At college campuses around the United States the moral concerns cited by students are vast and varied. They encompass alcohol abuse and obscenity, cheating and theft, questions of human rights, nuclear proliferation, and government policies. They also include drug abuse, graffiti, vandalism, sabotage , and homosexuality.
Yet just as significant as the list of challenges are student perceptions of what are not moral problems. Until specifically asked, no students interviewed for this series volunteered racial injustice, a deep concern during the 60s or personal sexual behavior as issues.
Conversations with a sampling of students across the country reveal that most of those interviewed view morality as a process rather than a standard. Many say they base their decisions about what is right and wrong on their total life experience and thinking, rather than on specific teachings or an explicit moral code. They credit family example as perhaps the strongest and most enduring influence on their moral outlooks.
They are often intense as they discuss the problems that concern them.
At the top of his list, a senior at a state university in New England chooses to discuss abuse of alcohol, the substance cited by Arthur Levine, president of Bradford College, a private institution in Bradford, Mass., as ''the drug of choice among students.''
The senior explains that after concerts ''beer cans and bottles litter the grass and walks near the performance site. There's lots of wanton destruction. . . .
''The city set up a 'Speed and Alcohol Patrol,' '' he continues, ''because there were so many alcohol-related fatalities in one year. . . . I am a social drinker myself, in moderation. But I don't like to drive between 9 p.m. and 2 a.m. because of what might be out on the road.''
The same student, voicing another concern, says he would never take his mother into the library, because lewd drawings and sexist and racist jokes on the stairwell walls are so offensive. And he is concerned about the impact on freshmen and sophomores of crude language and cartoons used in the student newspaper.
On the same subject, a graduate student says the men's washrooms at the private Eastern university he attends were surreptitiously spray-painted with obscenities ''no person would want to be discovered writing.''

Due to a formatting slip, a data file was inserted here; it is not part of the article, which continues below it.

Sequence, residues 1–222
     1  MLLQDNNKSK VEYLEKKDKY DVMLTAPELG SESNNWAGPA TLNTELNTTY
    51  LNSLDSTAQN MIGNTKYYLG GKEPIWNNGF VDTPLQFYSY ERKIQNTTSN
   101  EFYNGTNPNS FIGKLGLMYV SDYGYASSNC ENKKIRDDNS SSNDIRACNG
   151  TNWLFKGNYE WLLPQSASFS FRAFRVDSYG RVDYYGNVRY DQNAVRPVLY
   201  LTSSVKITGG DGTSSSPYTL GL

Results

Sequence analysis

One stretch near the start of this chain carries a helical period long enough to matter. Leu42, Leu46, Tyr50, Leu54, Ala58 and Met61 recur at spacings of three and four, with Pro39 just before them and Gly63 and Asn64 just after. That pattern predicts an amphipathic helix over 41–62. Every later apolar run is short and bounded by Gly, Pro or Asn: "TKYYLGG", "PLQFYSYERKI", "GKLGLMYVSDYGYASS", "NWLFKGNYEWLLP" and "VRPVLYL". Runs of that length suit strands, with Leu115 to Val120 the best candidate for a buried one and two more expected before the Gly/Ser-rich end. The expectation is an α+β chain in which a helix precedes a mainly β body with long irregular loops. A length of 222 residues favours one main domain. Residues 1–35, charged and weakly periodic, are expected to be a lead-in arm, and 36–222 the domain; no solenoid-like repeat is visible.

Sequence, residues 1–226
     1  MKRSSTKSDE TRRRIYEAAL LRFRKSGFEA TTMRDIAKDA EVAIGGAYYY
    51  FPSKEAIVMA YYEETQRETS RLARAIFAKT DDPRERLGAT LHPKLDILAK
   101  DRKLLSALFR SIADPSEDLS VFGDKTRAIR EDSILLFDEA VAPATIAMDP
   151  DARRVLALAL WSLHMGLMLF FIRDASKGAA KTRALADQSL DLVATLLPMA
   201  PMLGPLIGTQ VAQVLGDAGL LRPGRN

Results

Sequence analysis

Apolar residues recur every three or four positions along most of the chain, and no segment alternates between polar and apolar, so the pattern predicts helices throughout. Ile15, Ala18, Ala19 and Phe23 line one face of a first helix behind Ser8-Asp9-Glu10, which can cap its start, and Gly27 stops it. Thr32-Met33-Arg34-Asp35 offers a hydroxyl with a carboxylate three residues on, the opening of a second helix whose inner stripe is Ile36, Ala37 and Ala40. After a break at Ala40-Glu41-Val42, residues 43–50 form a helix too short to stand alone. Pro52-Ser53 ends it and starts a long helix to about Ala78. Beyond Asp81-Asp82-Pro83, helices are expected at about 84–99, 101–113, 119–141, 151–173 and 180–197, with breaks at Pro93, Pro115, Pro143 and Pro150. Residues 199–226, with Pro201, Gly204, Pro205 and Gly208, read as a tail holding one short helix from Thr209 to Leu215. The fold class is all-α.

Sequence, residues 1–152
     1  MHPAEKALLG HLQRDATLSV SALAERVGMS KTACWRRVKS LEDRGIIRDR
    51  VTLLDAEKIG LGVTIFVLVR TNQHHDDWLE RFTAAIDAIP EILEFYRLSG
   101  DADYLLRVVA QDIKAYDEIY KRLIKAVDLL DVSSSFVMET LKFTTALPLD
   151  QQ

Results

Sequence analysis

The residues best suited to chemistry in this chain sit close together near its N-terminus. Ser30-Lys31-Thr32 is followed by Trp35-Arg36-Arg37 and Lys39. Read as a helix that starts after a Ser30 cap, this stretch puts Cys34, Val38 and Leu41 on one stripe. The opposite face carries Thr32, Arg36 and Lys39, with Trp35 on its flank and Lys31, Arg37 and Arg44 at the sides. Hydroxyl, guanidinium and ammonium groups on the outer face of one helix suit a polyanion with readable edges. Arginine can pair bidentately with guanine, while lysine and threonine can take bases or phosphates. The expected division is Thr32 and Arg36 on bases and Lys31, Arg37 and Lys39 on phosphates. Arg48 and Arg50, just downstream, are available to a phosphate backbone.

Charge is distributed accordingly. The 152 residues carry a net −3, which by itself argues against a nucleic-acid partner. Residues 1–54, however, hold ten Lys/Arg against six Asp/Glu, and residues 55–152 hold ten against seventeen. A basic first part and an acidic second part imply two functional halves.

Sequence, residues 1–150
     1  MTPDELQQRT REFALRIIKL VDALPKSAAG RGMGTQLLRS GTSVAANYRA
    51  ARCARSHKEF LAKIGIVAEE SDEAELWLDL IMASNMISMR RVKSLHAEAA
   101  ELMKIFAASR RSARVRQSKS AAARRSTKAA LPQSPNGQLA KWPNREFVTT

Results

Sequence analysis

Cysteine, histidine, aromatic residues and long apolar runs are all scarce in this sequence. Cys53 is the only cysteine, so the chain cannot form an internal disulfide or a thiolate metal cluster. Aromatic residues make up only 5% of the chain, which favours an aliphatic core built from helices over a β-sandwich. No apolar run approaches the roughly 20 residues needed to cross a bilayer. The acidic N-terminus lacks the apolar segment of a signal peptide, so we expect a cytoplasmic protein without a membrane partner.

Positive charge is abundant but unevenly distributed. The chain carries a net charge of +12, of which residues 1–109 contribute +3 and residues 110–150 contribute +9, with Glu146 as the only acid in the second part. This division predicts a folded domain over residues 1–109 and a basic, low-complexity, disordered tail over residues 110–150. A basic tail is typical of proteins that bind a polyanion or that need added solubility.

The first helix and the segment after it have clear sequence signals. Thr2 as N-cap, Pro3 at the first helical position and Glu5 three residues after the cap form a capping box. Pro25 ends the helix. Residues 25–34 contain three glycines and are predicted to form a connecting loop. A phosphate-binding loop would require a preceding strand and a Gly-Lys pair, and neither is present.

At yet another school a student laments, ''Theft runs the gamut from car stereos and personal belongings to loss of money and laundry left in washers and dryers. Two hundred dollars' worth of jeans might be gone.''
''Honesty is the first thing I think of in morality,'' says a senior at a Big Ten state university in the Midwest. ''You should be able to trust people, you know. I don't like any kind of dishonesty.''
Yet, ''there's cheating everywhere,'' she continues. ''I think the business school is notorious for cheating, because of the stiff competition. The temptation to cheat is strongest in courses which depend on memorization.'' But other types of classes are also prone to cheating, she says. ''I was in a large psychology class. When we had a test, the prof posted the answers just outside the exit, so, as you left, you could figure out about how well you had done. Someone stood out there with a radio transmitter and gave the answers to a student inside.''
She also says fraternities on her campus use a ''cheating wedge'': ''They put a couple of smart guys at the bottom and then angle other students up who copy from each other.
''. . . Yes, they do have monitors in big lecture halls at exam time, but they're not always very attentive,'' she adds. ''Probably they don't want to make false accusations, so they're cautious. I had a friend who was falsely accused once. She was very brilliant; she didn't need to cheat. She got an F because the prof's wife, who was proctoring, believed she cheated.''
Two more women from widely separated universities worry about the sabotage of academic projects at their institutions. ''It's most prevalent in med school, but you also have it in undergrad bio classes,'' one explains. ''If somebody's growing a bacterium, somebody might flush it, move it away from under light, or dowse it with a chemical.'' Students do this so their own projects won't be compared unfavorably with better projects.
Hiding books or removing assigned readings from them - and thus deliberately depriving other students of access to needed information - is a problem in the business and law schools, another student says.
When the question of sexual behavior was raised by this writer, the concerns of students interviewed ranged from the high visibility of gay-rights activists to promiscuity in dormitories.